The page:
The town of San Carlos will forever exist in my mental dictionary as an illustration of the word “godforsaken,” which Webster’s defines as: 1: Remote, desolate; 2: Neglected and miserable in appearance or circumstances. San Carlos is a collection of crumbling cement buildings, crisscrossed by mud roads, its air heavy with the stench of rotten fish from the docks. Everyone walks around in hip waders, carrying gutting knives and breathing rum fumes. It’s like the Old West, minus player pianos and colorful whores and the energy of Manifest Destiny.

It was one in the afternoon and there was no way out of San Carlos. The overnight cargo boat, the only means of escape, wasn’t coming until the next day. I didn’t think I could survive the wait. We dropped off our stuff in the town’s only hotel — several subdivided bedrooms above a storefront — and I went off to the clinic.

San Carlos is, incongruously, a sister city of Nuremberg, Germany. A sign above the clinic door said that it was funded by a German Catholic charity. That gave me a bit of hope, hope which was soon extinguished when the tiny, impossibly young-looking doctor told me to go across the street to the pharmacy and buy myself a syringe so the nurse could give me an injection. “You don’t have malaria,” he said. “But don’t take any aspirin, because you might have dengue fever, and aspirin could make you bleed.”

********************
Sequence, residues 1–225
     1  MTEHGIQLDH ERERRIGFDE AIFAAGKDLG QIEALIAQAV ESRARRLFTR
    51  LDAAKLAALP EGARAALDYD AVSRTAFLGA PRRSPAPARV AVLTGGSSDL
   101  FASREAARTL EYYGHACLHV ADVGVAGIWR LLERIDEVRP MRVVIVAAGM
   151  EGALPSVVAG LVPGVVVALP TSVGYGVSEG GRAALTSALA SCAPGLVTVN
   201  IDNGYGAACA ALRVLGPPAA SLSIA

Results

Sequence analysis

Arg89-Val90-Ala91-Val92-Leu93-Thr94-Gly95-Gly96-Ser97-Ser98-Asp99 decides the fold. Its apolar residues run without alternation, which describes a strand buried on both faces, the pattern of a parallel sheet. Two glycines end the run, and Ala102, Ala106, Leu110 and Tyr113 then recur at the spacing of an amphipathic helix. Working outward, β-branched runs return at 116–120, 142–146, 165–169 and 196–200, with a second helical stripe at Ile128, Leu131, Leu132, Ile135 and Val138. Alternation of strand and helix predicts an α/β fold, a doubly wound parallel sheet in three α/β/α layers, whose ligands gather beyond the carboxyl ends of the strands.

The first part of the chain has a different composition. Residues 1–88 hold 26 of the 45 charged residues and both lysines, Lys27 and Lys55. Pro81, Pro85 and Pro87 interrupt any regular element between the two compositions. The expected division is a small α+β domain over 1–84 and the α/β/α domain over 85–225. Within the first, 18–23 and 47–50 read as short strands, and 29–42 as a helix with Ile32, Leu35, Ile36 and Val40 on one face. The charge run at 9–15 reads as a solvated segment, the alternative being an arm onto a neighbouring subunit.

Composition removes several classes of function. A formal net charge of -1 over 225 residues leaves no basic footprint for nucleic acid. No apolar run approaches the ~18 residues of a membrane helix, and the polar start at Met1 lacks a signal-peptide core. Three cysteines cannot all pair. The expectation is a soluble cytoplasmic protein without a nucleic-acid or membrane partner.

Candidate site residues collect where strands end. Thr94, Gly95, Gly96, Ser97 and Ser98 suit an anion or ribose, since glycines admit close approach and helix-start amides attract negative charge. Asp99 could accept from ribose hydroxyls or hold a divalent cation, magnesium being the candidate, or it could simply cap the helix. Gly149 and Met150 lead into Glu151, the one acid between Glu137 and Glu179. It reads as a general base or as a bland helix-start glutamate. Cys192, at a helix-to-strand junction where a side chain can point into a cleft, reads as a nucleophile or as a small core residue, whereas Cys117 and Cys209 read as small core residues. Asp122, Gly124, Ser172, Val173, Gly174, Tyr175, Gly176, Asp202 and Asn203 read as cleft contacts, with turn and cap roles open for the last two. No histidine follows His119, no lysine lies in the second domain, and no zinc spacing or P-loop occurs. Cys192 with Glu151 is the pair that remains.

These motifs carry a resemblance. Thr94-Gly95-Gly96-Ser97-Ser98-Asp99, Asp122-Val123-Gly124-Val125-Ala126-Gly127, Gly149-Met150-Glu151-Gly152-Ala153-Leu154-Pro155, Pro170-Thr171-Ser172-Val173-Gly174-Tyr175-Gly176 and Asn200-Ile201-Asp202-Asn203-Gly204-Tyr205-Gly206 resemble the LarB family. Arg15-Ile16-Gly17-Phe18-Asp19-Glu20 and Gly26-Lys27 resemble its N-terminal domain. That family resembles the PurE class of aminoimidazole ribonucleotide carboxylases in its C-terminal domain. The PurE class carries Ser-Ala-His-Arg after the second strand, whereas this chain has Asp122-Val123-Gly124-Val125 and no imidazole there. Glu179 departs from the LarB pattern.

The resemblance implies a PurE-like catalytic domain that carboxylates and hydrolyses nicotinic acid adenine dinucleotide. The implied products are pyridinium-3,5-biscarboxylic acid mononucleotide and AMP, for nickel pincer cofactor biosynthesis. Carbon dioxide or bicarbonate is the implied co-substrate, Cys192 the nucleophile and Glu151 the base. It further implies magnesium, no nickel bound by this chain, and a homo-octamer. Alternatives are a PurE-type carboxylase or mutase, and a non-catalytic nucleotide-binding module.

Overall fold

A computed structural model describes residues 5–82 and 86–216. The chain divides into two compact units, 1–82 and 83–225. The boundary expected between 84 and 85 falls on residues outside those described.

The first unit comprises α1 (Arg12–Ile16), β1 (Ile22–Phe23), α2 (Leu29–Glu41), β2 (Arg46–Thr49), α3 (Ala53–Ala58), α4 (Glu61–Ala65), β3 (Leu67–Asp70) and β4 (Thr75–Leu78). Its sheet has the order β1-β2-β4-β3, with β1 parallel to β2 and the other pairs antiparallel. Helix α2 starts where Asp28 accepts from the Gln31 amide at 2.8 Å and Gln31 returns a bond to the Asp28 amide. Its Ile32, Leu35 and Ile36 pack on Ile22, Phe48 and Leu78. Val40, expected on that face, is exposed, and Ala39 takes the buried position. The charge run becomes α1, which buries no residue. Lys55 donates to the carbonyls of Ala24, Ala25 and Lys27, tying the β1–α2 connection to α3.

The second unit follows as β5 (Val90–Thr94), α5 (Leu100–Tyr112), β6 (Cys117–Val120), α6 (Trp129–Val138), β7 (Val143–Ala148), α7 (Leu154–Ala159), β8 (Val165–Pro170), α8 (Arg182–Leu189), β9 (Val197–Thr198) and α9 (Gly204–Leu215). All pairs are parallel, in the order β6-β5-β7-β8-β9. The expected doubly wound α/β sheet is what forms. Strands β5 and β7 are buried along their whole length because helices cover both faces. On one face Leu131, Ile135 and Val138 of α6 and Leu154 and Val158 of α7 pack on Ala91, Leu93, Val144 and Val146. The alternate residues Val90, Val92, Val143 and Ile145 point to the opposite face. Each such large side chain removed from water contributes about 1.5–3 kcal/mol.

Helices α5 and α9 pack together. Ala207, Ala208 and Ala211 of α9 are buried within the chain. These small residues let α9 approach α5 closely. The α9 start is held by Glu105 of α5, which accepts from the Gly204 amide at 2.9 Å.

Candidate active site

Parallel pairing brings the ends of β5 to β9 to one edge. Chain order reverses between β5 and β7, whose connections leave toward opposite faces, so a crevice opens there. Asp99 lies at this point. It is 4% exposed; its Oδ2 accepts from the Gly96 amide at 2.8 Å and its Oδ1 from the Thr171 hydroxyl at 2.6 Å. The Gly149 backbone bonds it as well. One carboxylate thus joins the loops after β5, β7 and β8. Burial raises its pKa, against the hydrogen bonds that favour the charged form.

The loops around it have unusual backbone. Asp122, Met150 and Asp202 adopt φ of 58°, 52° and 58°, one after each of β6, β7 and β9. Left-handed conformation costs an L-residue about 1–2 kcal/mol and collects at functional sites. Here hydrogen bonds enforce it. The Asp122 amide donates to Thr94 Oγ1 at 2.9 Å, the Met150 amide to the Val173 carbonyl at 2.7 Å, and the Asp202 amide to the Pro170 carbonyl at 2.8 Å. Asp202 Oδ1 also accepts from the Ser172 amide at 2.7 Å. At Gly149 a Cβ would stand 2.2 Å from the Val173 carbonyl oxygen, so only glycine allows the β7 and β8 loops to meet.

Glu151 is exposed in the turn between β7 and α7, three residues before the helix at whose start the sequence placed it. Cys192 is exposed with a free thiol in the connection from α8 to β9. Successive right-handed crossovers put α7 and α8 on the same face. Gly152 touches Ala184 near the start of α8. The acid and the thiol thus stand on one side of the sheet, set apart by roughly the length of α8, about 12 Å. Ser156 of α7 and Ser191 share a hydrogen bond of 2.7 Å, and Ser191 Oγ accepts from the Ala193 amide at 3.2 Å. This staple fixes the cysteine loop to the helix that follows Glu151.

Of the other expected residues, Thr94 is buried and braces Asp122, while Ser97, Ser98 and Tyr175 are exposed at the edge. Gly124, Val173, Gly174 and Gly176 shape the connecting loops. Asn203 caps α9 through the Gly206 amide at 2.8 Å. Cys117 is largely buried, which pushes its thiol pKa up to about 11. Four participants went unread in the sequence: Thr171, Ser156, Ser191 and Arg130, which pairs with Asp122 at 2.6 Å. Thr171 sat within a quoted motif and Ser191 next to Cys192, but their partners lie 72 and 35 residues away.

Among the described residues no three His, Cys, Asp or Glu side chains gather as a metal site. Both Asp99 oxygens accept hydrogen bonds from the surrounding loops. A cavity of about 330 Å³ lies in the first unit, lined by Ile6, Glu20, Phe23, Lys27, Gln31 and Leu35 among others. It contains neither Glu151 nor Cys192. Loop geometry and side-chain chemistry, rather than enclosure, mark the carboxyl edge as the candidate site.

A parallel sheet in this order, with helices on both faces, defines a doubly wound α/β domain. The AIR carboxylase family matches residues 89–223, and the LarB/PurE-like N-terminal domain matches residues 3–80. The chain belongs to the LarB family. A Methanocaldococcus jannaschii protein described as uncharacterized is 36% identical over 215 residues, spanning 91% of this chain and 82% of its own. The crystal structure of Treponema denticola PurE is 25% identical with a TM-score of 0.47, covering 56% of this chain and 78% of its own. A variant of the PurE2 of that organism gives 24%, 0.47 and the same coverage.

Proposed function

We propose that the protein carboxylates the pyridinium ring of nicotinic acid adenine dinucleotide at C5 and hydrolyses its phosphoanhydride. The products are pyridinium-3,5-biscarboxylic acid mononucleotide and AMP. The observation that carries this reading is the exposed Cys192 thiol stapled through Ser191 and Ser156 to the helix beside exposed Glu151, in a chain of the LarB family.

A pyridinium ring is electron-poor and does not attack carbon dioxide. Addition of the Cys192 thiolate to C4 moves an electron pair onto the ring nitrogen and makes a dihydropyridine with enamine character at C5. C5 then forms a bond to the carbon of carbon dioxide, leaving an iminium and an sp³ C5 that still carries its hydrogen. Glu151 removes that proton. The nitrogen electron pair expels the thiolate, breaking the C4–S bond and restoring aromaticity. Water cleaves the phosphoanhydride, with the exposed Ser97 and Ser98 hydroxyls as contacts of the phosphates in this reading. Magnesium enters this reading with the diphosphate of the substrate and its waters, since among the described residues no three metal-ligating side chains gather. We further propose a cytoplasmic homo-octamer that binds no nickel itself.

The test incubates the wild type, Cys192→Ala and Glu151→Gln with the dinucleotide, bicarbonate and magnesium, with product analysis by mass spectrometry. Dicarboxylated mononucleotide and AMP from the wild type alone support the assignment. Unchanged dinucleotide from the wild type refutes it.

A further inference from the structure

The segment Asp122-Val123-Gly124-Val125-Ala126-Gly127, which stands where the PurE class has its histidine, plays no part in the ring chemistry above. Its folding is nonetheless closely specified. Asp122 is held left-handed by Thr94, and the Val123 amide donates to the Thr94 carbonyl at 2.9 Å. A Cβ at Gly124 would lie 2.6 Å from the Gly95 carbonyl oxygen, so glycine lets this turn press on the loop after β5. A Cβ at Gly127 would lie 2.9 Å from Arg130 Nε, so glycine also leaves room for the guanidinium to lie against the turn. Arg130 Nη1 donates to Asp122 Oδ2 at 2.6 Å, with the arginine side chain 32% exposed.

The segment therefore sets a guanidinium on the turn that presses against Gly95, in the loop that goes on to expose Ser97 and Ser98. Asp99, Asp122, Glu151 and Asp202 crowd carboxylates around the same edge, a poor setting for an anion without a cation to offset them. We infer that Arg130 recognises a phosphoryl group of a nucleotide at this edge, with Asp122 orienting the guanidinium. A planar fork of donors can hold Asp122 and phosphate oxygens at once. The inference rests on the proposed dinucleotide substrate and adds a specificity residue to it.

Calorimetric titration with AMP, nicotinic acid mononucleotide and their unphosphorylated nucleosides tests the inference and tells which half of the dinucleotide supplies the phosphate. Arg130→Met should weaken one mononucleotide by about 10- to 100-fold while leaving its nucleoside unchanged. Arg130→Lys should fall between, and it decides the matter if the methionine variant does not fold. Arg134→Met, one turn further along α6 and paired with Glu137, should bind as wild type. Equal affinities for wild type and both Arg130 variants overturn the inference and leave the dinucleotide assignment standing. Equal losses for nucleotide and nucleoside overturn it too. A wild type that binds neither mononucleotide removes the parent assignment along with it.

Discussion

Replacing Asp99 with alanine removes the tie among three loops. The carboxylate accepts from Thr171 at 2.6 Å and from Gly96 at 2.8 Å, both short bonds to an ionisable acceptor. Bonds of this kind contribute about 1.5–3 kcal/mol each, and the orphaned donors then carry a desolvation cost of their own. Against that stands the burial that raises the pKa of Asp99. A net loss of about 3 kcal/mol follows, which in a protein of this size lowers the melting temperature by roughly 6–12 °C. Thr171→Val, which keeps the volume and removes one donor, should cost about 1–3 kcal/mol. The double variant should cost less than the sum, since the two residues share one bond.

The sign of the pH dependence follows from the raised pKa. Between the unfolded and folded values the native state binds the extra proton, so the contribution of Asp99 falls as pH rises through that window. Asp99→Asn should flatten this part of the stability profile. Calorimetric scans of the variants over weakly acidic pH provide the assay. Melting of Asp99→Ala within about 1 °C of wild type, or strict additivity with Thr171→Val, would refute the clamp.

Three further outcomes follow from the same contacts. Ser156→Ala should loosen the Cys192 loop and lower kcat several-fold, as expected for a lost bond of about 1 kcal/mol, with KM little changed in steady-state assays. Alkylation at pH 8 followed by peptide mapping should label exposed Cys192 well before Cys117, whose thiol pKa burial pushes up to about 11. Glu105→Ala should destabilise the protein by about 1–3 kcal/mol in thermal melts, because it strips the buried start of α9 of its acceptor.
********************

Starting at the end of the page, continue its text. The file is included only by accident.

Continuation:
Just before dusk, the people of San Carlos disappeared into their houses and pulled the curtains shut, as if an air raid siren had gone off at a frequency I couldn’t hear. The town went cemetery silent. Then, as the sun sunk over the lake, the chayules came. Tiny green gnats, flying in thick clouds, crowding my eyes, my nose, my throat. I tried to cover my face, but they darted through my fingers and into my mouth and ears. The lights of the lamp posts were shrouded in bugs, buzzing around the lights like an electron cloud around an atom. The occasional car, sliding by like a ghost in the gloaming, would illuminate hundreds of thousands of insects in their headlights. Because the chayules are attracted to white light, all the light bulbs in San Carlos are dark red, giving the empty city a hellish scarlet glow.